Trump’s Scandal-Hit EPA Chief Also Quits

Trump has overseen 38 high-profile departures in a blizzard of indecision and turmoil that would be hard for even the sharpest White House-watcher to recall
Donald Trump (L) and Scott Pruitt (File Photo)Donald Trump (L) and Scott Pruitt (File Photo)

US Environmental Protection Agency chief Scott Pruitt, who had been lauded by Donald Trump for his aggressive efforts to roll back environmental regulations, resigned on Thursday under heavy fire for a series of ethics-related controversies.

Pruitt was one of Trump’s most polarizing cabinet members, slashing regulations on the energy and manufacturing industries, including a move to repeal former president Barack Obama’s signature program to cut carbon emissions from power plants, dubbed the Clean Power Plan, Reuters reported.

He was also instrumental last year in lobbying Trump to withdraw the United States from the global 2015 Paris climate accord to combat global warming.

But Pruitt lost favor with Trump’s inner circle after a string of controversies including first-class travel at taxpayer expense, lavish spending on security, the installation of a $43,000 soundproof phone booth in his office and accusations that he used his position to receive favors, such as a discounted rental on a high-end condo from an energy lobbyist’s wife.

The Trump presidency will be remembered for many things, but some of those who served it may prove tricky to recall. The former reality TV star has hired and fired staffers faster than he could ever jettison contestants on The Apprentice. High-profile appointees to august posts traditionally filled for years have struggled to stay for more than a couple of months—sometimes even days—before being fired or resigning.

By the Guardian’s count, Trump has overseen 38 high-profile departures in a blizzard of indecision and turmoil that would be hard for even the sharpest White House-watcher to recall.

  Under Fire

“The unrelenting attacks on me personally, my family, are unprecedented and have taken a sizable toll on all of us,” Pruitt said in his resignation letter.

Trump announced the resignation on Twitter and said EPA deputy administrator, Andrew Wheeler, a former mining industry lobbyist, will become the regulatory agency’s acting chief on Monday.

Wheeler is widely expected to continue Pruitt’s efforts to roll back and streamline regulation, something that Trump had promised in his presidential campaign.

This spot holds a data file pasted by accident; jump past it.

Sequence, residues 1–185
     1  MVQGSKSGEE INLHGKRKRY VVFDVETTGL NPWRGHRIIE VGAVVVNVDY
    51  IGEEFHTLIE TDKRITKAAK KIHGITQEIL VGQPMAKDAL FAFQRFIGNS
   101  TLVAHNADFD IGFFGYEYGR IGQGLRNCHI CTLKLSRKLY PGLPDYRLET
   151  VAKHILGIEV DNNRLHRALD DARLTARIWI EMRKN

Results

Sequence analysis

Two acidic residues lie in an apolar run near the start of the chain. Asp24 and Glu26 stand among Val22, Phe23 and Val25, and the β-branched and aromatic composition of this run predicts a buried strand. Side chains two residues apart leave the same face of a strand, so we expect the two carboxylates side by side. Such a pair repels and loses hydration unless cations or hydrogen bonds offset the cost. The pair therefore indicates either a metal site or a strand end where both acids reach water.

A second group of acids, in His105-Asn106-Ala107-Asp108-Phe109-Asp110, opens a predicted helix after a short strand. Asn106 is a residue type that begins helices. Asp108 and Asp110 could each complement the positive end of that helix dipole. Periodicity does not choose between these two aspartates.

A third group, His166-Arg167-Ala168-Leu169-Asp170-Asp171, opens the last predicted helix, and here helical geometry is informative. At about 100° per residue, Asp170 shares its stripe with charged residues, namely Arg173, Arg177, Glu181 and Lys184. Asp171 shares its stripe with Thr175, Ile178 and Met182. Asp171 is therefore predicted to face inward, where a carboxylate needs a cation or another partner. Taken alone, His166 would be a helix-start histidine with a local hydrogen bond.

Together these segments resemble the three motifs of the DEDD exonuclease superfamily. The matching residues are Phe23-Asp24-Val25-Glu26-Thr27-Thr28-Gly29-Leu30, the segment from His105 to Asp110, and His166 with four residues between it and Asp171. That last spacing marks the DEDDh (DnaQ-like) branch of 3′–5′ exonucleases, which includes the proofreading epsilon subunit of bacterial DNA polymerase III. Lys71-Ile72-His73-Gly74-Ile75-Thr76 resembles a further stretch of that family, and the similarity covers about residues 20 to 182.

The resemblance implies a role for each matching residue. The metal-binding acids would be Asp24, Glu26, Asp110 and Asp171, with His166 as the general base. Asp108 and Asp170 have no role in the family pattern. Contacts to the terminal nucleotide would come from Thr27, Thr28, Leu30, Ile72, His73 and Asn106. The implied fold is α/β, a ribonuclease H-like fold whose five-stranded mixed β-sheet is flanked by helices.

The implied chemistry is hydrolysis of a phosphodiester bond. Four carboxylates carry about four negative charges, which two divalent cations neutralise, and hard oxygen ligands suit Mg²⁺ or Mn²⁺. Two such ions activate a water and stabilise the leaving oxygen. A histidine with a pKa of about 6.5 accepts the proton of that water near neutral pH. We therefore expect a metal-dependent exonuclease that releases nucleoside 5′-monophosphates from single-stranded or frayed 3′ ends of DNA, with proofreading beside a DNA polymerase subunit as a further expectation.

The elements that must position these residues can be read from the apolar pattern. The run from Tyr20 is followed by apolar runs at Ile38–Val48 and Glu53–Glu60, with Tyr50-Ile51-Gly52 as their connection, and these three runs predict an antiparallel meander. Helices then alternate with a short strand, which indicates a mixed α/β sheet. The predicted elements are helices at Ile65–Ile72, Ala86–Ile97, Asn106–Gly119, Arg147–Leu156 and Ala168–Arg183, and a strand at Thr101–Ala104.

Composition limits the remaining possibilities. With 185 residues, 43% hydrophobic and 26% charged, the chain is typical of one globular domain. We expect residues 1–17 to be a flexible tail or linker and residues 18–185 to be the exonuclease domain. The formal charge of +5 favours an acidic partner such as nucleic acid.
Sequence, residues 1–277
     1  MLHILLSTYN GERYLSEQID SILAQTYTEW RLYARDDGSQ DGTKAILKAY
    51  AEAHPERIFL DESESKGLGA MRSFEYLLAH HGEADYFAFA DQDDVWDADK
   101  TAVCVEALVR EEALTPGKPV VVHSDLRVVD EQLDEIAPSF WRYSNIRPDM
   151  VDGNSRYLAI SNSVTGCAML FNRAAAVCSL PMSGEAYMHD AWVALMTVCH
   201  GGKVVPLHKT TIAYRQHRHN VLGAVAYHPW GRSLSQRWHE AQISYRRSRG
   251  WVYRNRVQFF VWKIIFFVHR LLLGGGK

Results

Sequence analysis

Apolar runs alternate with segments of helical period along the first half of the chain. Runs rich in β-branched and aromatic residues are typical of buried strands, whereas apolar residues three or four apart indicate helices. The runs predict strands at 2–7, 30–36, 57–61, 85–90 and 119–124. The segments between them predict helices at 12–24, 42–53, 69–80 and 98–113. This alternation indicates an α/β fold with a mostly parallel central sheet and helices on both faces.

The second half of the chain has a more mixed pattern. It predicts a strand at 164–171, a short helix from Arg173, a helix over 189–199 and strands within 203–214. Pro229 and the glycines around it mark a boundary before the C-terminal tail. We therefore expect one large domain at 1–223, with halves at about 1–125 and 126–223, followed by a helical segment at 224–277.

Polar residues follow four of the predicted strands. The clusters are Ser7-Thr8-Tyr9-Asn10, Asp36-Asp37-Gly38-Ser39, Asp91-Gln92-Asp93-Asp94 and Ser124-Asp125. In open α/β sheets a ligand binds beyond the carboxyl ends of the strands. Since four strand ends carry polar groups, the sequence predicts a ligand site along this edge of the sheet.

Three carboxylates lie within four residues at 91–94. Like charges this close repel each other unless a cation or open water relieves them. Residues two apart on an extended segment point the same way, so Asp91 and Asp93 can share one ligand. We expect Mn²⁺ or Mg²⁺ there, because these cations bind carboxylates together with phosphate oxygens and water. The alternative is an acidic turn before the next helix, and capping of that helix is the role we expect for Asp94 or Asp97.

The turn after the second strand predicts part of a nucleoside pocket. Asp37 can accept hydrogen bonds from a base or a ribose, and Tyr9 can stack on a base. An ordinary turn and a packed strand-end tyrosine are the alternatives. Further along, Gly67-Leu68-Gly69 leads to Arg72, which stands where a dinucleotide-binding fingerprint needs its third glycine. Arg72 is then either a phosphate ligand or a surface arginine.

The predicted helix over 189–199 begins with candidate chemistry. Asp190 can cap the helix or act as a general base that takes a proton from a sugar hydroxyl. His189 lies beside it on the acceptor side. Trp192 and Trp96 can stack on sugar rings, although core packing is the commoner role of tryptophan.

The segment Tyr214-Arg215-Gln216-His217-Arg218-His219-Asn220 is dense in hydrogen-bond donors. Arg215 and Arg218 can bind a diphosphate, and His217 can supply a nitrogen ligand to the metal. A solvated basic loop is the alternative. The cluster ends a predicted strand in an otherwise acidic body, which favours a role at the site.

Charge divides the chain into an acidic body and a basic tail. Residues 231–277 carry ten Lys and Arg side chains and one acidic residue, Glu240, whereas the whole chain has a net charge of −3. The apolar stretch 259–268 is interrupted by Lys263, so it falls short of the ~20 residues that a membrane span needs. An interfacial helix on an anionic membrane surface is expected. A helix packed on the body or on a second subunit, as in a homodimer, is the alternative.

“Scott has done an outstanding job, and I will always be thankful to him for this,” Trump wrote. Trump told reporters later that Pruitt had approached him and offered to resign as opposed to being pushed out.

  Reign of Venality

Democrats and environmental advocacy groups cheered the departure of Pruitt, a close ally of the fossil fuel industry who has often questioned climate change science.

“Scott Pruitt’s reign of venality is finally over. He made swamp creatures blush with his shameless excesses. All tolerated because Trump liked his zealotry. Shame,” Democratic Representative Gerry Connolly said.

The Environmental Working Group, a public health and environment watchdog, called Pruitt “unquestionably the worst head of the agency in its 48-year history.”

  No Policy Change

Pruitt’s interim replacement, Wheeler, was formerly a lobbyist for Murray Energy, the country’s largest underground coal mining company, and also worked for Inhofe—a self-described climate skeptic—on efforts to combat climate legislation.

Matt Dempsey, an energy lobbyist at consultancy FTI, said Wheeler will be less controversial than Pruitt but without altering the agenda.

“He will be less political and more straightforward in his approach to the job, which is better for the Trump administration agenda in the long run. The politics will pass but the policy will remain,” Dempsey said.

Pruitt was facing around a dozen investigations into his tenure, including his frequent use of first-class flights and his spending on security—which the agency has defended as necessary to defend him against unprecedented threats.


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